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Recently there has been a publication explosion of textbooks on refraction, which points to the fact that despite the rigid formulas there are various ways of practicing the art. This literally pocket-sized book gives the beginning resident the needed outline in approaching his first few patients.
While some purists may say that certain areas are too briefly covered, others will claim that by its very simplicity it does what other books fail to do, ie, to present clearly a simple but complete examination.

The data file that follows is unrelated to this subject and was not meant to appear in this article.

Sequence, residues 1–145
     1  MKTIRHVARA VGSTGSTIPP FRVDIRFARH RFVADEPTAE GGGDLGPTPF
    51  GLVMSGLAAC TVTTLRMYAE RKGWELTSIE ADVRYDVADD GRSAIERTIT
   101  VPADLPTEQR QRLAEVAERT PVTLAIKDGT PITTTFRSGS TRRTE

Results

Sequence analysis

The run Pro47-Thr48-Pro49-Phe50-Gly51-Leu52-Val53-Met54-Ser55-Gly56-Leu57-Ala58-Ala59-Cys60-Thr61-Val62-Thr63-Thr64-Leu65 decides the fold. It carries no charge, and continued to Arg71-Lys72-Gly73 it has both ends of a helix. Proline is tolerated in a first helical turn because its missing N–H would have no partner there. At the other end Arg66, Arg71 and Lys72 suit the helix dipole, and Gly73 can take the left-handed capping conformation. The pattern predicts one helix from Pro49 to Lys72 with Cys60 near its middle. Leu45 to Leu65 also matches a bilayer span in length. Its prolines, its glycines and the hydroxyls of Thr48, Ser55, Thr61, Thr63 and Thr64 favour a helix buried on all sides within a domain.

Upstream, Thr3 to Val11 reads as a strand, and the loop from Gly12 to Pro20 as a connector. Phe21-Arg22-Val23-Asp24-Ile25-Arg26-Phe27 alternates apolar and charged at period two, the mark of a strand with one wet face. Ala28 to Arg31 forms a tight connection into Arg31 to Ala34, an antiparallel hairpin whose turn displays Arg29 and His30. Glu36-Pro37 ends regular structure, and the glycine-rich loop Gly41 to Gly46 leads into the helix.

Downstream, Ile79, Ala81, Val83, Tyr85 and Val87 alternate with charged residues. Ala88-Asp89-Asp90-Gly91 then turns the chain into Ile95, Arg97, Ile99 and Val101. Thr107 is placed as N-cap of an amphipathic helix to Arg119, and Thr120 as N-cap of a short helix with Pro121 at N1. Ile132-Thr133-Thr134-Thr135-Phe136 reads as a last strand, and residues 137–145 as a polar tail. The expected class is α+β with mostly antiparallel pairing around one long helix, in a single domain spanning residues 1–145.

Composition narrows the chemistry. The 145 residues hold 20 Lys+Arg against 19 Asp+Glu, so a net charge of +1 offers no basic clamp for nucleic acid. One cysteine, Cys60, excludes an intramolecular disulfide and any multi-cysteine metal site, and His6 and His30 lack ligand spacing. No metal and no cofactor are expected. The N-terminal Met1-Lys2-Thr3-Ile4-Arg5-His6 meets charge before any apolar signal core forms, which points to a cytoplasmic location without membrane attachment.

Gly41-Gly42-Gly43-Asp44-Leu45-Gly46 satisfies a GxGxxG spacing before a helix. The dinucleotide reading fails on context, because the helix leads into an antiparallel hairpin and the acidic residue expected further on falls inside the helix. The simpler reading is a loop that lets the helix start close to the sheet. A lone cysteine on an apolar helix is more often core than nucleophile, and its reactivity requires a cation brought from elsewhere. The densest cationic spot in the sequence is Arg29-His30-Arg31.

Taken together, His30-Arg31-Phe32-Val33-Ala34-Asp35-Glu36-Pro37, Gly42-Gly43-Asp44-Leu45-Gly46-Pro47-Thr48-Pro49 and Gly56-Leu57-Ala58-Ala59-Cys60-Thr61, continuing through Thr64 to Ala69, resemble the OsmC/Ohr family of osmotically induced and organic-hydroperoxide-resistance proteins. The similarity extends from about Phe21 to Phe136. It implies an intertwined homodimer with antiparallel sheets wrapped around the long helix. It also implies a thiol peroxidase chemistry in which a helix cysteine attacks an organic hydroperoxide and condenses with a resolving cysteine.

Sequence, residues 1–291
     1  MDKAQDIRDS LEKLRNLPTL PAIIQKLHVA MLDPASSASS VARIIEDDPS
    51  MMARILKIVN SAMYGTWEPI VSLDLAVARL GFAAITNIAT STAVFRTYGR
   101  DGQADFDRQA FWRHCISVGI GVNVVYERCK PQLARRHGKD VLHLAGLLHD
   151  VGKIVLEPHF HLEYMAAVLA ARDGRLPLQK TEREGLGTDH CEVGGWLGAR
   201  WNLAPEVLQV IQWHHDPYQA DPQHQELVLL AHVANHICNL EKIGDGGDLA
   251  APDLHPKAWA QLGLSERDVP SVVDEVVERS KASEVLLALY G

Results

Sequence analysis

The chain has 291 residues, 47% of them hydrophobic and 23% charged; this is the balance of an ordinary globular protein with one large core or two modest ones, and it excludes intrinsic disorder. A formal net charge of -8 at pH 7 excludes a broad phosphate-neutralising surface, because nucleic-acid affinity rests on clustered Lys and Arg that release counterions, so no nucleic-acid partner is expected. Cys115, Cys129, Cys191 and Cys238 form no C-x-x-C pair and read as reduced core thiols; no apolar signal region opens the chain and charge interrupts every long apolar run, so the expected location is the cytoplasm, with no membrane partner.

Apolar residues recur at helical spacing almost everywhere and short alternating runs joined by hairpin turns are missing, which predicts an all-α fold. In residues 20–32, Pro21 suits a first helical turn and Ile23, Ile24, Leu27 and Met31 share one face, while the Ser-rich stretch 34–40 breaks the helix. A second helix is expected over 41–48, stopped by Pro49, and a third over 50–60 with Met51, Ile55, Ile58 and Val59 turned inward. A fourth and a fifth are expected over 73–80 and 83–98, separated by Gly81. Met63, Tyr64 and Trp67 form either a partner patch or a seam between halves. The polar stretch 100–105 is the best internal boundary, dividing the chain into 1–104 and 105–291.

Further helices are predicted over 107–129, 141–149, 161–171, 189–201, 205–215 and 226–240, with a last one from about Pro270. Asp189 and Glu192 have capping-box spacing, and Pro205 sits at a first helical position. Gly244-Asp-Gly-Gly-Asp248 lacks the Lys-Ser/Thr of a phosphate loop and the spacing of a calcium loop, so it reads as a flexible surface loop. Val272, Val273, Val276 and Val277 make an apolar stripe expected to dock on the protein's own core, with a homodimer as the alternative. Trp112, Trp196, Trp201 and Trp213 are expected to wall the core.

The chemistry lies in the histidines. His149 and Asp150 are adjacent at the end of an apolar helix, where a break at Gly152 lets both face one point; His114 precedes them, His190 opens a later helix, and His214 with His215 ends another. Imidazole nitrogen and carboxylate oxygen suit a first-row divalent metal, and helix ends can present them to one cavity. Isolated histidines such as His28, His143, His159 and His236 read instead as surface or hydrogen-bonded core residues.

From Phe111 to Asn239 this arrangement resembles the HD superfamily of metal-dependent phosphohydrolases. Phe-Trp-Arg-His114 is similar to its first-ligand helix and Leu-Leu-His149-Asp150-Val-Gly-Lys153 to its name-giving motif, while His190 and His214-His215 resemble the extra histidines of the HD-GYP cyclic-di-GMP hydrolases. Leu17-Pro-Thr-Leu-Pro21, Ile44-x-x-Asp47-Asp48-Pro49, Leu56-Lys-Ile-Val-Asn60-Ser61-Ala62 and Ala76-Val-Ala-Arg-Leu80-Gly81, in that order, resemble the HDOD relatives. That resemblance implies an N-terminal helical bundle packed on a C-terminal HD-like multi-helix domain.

I found the discussion of the crosscylinder quite lucid and helpful in understanding the concept of refining axis and power. Tucked into this short text are helpful pointers culled from many hours of keen observation. For example, a patient who claims that his newly prescribed glasses do not give him the same depth of focus as they did in the ophthalmologist's office may be reading under too
Putnoi DW. A Primer on Refraction.. Arch Ophthalmol. 1972;88(5):577. doi:10.1001/archopht.1972.01000030579021